City Plaza is a hot spot for skateboarders with its large evenly-paved surface and makeshift ramps. There’s a number of utility boxes in the plaza with murals of cartoon raccoons on skateboards; while photographing these a guy skateboarded past me and boasted “my friend painted that!”

Come to think of it, everyone I saw there was either skateboarding or taking photos.

What the plaza’s best known for though are its two sculptures originally built for Burning Man: a giant 3D sign that says “BELIEVE,” and two stained glass whales known as Space Whale which feature internal lights that glow after dark. Both of these act as selfie magnets for the Instagram crowd.

The impact of Burning Man on Reno isn’t something I’d thought about before. As it’s the biggest city on the way to Black Rock City, Reno bears the brunt of its problems (guess where the trash gets dumped?) but it’s also beneficial for the tourism industry and local art scene.

Review: The Illusionists Experience in Reno

May 4th, 2019


Last night I went to see The Illusionists Experience, a magic show with a residency for the next few months in Reno’s Eldorado.

The name is a little confusing, I think they just tacked on “Experience” as a way to differentiate it from their traveling sister show which is simply known as “The Illusionists.” Unlike the traveling show, the Experience has a fixed set of illusionists. They are, in order of left-to-right in the above photo:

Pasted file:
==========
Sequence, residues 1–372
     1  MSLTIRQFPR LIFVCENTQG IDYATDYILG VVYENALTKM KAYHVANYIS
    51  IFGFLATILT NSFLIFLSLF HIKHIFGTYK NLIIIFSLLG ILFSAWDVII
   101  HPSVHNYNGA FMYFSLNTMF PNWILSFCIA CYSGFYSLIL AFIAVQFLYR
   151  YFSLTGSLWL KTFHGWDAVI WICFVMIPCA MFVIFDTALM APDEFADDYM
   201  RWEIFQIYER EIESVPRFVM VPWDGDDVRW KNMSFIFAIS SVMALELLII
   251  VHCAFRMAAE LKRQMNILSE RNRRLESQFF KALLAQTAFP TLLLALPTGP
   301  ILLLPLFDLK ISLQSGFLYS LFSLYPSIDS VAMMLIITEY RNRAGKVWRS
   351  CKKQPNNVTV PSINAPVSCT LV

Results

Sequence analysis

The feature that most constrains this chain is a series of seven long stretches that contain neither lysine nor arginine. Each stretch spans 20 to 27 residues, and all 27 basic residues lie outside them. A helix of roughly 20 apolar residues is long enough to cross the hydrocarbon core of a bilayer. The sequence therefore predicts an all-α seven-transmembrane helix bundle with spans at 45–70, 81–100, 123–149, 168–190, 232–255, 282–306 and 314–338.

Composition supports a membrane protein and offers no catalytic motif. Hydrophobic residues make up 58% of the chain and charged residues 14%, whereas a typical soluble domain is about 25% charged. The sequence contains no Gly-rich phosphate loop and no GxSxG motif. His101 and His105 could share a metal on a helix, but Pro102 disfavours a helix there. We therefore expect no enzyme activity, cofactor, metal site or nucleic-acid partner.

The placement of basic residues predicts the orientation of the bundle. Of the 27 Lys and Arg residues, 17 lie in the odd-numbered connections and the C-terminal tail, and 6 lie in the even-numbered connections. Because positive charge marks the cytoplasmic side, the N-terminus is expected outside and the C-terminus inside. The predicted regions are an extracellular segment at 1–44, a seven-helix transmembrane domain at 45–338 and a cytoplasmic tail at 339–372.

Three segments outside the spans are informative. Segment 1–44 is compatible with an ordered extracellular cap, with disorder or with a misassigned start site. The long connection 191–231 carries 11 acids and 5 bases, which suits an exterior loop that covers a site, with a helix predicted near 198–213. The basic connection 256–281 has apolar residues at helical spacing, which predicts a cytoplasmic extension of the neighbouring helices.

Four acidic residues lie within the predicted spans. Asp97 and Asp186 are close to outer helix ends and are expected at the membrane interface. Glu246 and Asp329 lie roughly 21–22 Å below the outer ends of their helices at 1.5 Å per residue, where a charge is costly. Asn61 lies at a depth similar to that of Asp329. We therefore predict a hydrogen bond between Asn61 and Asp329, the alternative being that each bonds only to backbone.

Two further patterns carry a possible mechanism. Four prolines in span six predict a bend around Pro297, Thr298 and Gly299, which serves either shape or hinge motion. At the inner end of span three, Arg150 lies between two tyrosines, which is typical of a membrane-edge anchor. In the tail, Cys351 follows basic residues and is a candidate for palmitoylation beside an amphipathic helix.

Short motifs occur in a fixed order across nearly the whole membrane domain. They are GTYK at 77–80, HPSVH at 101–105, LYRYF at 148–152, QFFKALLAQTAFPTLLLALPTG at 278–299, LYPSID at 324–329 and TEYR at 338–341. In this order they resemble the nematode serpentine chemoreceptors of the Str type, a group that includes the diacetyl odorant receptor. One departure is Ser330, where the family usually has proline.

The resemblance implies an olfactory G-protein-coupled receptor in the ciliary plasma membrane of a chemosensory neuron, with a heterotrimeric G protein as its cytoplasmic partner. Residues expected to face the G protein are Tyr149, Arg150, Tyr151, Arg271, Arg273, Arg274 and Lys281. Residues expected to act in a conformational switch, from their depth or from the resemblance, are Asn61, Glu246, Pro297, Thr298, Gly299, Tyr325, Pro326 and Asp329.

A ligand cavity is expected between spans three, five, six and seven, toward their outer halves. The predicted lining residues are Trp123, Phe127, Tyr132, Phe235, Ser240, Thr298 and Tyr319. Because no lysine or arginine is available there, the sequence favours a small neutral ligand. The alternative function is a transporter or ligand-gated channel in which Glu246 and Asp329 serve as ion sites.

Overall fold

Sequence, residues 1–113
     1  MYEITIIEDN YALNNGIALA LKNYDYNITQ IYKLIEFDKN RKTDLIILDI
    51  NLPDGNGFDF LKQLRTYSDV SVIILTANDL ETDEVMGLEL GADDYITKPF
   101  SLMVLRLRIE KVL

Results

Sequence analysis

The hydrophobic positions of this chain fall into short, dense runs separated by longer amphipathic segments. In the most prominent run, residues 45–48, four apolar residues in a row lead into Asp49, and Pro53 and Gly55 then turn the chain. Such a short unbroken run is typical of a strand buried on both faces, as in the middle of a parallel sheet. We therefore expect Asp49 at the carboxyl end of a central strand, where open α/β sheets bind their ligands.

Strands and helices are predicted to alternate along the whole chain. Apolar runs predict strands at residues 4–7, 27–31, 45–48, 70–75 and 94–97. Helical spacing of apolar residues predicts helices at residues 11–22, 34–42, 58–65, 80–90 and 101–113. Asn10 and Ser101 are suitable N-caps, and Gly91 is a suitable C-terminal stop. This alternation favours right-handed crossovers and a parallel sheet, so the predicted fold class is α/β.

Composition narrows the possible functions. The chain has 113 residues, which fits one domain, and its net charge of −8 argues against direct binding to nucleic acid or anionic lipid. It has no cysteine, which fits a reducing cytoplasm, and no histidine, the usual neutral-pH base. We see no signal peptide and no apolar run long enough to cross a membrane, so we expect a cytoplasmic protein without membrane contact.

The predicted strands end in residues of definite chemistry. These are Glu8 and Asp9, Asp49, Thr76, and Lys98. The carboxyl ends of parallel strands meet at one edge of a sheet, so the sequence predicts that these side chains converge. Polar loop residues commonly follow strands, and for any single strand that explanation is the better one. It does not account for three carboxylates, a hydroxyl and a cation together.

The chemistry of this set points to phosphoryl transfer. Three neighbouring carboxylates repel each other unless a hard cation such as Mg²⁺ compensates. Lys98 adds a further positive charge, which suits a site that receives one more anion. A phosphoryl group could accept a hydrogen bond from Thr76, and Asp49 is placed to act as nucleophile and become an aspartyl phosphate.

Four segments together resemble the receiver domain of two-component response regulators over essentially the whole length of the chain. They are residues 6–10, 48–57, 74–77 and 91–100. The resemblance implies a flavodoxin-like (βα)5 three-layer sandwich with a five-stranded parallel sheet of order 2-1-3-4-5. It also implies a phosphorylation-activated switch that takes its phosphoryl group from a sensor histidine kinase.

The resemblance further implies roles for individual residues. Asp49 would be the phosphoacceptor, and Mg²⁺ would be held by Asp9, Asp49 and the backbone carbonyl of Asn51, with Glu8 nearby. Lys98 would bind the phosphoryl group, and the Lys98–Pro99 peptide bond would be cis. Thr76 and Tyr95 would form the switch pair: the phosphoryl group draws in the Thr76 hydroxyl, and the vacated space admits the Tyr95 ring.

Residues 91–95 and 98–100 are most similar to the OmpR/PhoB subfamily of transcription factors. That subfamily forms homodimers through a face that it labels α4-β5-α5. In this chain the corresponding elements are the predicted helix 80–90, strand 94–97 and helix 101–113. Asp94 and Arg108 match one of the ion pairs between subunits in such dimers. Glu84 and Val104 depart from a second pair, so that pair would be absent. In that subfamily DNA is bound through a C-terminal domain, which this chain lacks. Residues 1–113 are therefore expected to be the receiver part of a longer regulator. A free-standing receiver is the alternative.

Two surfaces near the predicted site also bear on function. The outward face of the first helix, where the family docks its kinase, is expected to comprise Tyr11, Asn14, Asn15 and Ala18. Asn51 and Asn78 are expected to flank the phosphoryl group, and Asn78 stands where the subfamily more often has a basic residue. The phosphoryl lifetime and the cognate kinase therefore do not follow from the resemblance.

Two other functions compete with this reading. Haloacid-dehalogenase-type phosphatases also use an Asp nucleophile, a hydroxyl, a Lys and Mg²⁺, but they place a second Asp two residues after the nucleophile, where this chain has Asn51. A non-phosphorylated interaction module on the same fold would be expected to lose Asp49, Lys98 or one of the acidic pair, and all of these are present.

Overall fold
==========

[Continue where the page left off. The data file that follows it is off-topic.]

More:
• Valentin, The Showman
  • David Williamson, The Trickster (and host)
  • Chris Cox, The Mentalist
  • Hyun Joon Kim, The Maniupulator
  • Krendl, The Escapist

The first trick is one you’ll have to perform on your own: finding the theater inside the enormous Eldorado casino floor. By the time I found it my eyes were watering from all the cigarette smoke.

In the theater lobby I picked up my will-call ticket and was directed to wait in one of the two lines. I bought the second most expensive ticket, which got me pretty close to the stage in the second row of seats. The priciest tickets get you a little table in the very front.

As we waited for people to file in, David invited us to come up to the bar at the front of the stage, grab a drink (champagne was free, at least with my ticket), fill out a small form for Chris Cox’s act and drop it in a box, and watch David’s up-close card tricks at the bar.

If you’re sitting in the back it’s not the end of the world though, they have crews walking around with live cameras projected on a large screen for the close-up acts. As far as I could tell this was legitimate, they weren’t displaying doctored footage.